Confucius say: “Squirrel who runs up woman’s leg not find nuts.” That’s about the standard of Confucian education I received: schoolyard parodies of the 5th century BC Chinese sage’s quirky aphorisms.
It’s not quite the kind of thing Harvard academic Michael Puett and writer Christine Gross-Loh have in mind in their unexpected international bestseller, The Path: What Chinese Philosophy Can Teach us About the Good Life.
The Path, based on a popular Harvard undergraduate course, has been widely praised as a timely challenge to Western ideas about life, philosophy, and Eastern wisdom.
It has succeeded in reviving Western interest in Confucius at a time when Confucianism is also undergoing a revival in China after two great wrecking balls have swung through the country in the past half century, shattering tradition and shaking communities both rural and urban from their moorings. The first wrecker was the Cultural Revolution; the second was the market revolution.
Australians should get to grips with the ideas in The Path, for there is no other Western country where the imperatives of Asian engagement and Asian literacy are as urgent; America has Asia to think about, but it also has the Americas; Europe has Asia to think about, too, and it also abuts Russia and the Balkans; if you like, larger Europe. Asia is pretty much all Australia has got and we are, as a consequence, intimately tied to its destiny.
For the past decade policy makers have been pressing schools and universities to promote the cause of Asian language learning, but that’s not going anywhere fast. Contemplative Asian philosophy — Confucianism, Buddhism and Taoism — offers an appealing key to the cultures to our north. Spark an interest in the Asian philosophies of living at schools and universities, and we might fuel the fire of mass Asian cultural literacy.
Knowledge of Asian philosophy, on the other hand, is not all about Asia. Traditional Asian philosophies challenge many of the assumptions that under-girder Western notions of the self, particularly the idea that there is a “true self” hidden within us all, which it is our duty to discover and to nurture.
As Puett argues in a recent New York Times interview, the pursuit of the authentic self sounds like a modern approach to life.
“But what if we’re, on the contrary, messy selves that tend to fall into ruts and patterns of behaviour? If so, the last thing we would want to be doing is embracing ourselves for who we are — embracing, in other words, a set of patterns we’ve fallen into. The goal should rather be to break these patterns and ruts, to train ourselves to interact better with those around us.”
The Path stresses the necessity of looking outward, not inward; the importance of personal change over personal acceptance. I would add a caveat here: pre-Christian western philosophies — particularly Aristotle and the Hellenistic schools — also stress these ideas.
Puett is no pop philosopher. He’s Harvard’s Walter C. Klein Professor of Chinese History in the Department of East Asian Languages and Civilisations and Chair of the Committee on the Study of Religion. And he brings to the book the scholar’s gift for fine distinctions.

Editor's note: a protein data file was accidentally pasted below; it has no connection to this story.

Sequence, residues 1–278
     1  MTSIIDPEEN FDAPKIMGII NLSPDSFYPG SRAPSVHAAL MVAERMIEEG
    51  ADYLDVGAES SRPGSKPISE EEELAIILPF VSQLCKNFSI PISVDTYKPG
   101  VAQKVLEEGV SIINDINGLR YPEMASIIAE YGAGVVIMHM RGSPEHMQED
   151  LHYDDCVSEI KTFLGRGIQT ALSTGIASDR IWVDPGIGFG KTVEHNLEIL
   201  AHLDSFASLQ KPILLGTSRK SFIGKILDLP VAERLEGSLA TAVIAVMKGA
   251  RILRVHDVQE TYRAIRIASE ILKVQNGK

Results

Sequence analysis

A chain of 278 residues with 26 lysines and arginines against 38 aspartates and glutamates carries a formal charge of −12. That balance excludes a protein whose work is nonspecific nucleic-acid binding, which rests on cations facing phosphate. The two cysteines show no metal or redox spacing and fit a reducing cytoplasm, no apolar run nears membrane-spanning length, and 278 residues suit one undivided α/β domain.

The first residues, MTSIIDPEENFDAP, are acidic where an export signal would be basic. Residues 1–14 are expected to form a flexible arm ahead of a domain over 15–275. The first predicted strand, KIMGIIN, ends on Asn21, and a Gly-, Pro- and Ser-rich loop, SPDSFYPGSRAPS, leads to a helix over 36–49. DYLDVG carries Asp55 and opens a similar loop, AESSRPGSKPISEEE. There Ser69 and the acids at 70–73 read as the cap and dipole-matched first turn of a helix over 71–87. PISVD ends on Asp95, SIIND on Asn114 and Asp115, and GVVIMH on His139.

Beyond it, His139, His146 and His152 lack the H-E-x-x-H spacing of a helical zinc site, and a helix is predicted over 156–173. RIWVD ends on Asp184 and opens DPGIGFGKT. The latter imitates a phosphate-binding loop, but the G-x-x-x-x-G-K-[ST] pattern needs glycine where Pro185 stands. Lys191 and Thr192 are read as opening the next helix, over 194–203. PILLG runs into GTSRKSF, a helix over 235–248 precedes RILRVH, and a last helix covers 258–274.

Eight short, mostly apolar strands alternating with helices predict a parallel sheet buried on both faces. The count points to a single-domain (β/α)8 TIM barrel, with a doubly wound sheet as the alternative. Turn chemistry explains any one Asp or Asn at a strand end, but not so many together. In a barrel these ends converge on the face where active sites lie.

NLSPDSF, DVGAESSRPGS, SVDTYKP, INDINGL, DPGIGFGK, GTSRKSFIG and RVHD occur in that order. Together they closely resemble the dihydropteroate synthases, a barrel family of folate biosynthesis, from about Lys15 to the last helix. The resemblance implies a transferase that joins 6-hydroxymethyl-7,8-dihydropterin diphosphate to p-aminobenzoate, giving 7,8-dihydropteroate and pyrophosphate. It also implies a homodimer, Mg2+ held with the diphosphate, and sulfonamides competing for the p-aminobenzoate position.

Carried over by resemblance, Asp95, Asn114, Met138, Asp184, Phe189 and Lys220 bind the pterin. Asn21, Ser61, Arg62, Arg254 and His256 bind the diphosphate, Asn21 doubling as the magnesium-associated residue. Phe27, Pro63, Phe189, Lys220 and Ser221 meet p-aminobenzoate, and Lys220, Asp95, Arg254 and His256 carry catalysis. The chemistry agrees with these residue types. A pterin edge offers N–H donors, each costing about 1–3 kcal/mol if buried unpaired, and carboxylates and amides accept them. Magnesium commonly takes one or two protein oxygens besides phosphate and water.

He is well aware, for example, that the Chinese government is attempting to foster an appreciation of Confucian values.
He is equally aware that the kind of Confucianism encouraged by Beijing is a conventional — he uses the word stereotyped — kind of teaching whose emphasis is social, and self, control.
As he puts it: “Confucianism is again read as being about keeping people in their place — only now this is seen as a good thing.”
Sensing their moral authority weakening and the bonds of society beginning to fray, the rulers in Beijing are promoting an older idea of Confucianism as a kind of social mortar.
To explore this point its worth turning to The Analects of Confucius as translated by Pierre Ryckmans, the Belgian born scholar of Chinese art and culture who taught at the Australian National University and the University of Sydney.
Confucius, for Ryckmans, has been portrayed as a philosopher of moderation when in fact he was an active, vital figure who was driven by passion. Ryckmans summed up the Confucian political ideal this way:
“An aristocrat who is immoral and uneducated ... is not a gentleman, whereas any commoner can attain the status of a gentleman if he proves himself morally qualified. As only gentlemen are fit to rule, political authority should be devolved purely on the criteria of moral achievement and intellectual competence. Therefore, in a proper state of affairs, neither birth nor money should secure power.”
Ryckmans describes this as a political message with “subversive potential”; and its challenge — call it perhaps an equal opportunity elitism — is certainly not limited to contemporary Chinese politics.
So here are some very good reasons for thinking about Confucius: he offers a challenge to some cherished ideas about the self, about ethics, and about politics.
He also offers a guide to traditional Chinese — in fact East Asian — values. And to the extent that Confucian values are a contested topic in contemporary China, the more we know about these values the better we are equipped to read contemporary China.
What is more, the better we know our Confucius, the easier it is to discern the real from the mock Confucius. Confucius did not say: “Man who speaks with forked tongue should not kiss balloons.” Or did he?